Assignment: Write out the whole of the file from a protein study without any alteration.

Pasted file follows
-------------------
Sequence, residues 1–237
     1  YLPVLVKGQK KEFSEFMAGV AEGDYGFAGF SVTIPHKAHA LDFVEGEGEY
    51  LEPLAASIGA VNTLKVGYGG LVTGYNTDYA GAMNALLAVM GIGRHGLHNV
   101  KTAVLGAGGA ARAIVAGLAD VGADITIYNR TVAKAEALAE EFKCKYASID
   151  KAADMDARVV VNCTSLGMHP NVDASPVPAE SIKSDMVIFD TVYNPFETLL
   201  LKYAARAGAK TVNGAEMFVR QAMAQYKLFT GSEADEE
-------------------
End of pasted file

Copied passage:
Sequence, residues 1–237
     1  YLPVLVKGQK KEFSEFMAGV AEGDYGFAGF SVTIPHKAHA LDFVEGEGEY
    51  LEPLAASIGA VNTLKVGYGG LVTGYNTDYA GAMNALLAVM GIGRHGLHNV
   101  KTAVLGAGGA ARAIVAGLAD VGADITIYNR TVAKAEALAE EFKCKYASID
   151  KAADMDARVV VNCTSLGMHP NVDASPVPAE SIKSDMVIFD TVYNPFETLL
   201  LKYAARAGAK TVNGAEMFVR QAMAQYKLFT GSEADEE